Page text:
Contributing opinion writer
Kyla N. Golding
For Black women, self-care is an act of liberation. It disrupts systems of power — even at places like Harvard — that hold a stake in patriarchy and institutionalized racism. It is a way for us to free ourselves and dilute our pain from historical patterns of trauma caused by everyday violences. It is a crucial aspect of embracing and valuing our dignity and self-worth because trauma doesn’t have to be our destiny. We deserve to heal, to grow, to change. And sometimes it looks like distancing ourselves from potentially toxic, or infectious, scenarios or spaces to protect our energy and safeguard it for our own well-being.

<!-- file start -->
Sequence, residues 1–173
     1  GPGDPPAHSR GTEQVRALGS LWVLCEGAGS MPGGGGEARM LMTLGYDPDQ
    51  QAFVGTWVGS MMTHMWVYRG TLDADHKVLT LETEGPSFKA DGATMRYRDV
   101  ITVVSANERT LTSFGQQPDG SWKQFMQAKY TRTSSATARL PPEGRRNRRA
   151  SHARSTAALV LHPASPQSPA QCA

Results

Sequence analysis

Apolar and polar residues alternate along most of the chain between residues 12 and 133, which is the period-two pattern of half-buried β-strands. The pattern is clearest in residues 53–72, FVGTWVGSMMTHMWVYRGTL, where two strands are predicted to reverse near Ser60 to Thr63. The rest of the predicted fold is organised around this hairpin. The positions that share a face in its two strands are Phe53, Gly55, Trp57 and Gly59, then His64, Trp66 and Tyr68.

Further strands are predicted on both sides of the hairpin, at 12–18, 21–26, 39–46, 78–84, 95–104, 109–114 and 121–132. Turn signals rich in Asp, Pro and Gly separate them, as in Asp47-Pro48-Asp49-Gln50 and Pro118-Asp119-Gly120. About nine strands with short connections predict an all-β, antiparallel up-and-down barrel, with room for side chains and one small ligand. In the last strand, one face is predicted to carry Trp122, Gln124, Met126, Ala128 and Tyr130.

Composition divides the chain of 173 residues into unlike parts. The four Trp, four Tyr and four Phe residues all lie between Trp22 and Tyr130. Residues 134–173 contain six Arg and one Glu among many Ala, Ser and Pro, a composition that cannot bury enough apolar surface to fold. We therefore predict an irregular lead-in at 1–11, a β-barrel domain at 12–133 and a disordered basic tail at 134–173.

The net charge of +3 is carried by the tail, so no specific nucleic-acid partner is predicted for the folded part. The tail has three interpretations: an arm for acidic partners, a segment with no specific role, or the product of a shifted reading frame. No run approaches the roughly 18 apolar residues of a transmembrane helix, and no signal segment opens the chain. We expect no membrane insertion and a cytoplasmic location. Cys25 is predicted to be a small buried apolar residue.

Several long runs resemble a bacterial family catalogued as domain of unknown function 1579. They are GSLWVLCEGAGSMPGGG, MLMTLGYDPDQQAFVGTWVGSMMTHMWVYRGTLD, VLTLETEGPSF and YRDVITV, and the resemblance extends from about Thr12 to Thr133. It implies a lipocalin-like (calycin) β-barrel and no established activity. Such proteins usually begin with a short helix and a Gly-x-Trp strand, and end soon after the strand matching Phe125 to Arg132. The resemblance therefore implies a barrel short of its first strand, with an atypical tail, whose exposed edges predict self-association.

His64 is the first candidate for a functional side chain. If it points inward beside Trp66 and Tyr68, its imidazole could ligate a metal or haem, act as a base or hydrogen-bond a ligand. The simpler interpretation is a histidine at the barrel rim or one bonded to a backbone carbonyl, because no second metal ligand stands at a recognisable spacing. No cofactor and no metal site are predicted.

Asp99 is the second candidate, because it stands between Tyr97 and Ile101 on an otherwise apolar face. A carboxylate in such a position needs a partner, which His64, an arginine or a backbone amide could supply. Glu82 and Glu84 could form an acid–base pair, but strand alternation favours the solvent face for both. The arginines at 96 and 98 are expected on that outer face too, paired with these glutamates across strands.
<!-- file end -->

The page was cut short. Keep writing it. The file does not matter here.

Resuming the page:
I am a Black woman who — like anyone else — has moments of strength and moments when I’ve lost my voice. Too often, though, has the world convinced me that my value is fixed in my ability to defend myself incessantly, to fight for others intensely, and to maintain the perfect pitch as my larynx swells.
When Prince Harvard bestowed upon me a fateful kiss, I’d hoped that I could slay the villains that had robbed me of the fantastical dreams of Black princessdom. But the truth is, both inside and outside of this white castle, that this little Black girl cannot want to be a princess, mostly because she knows the world would never let her be one.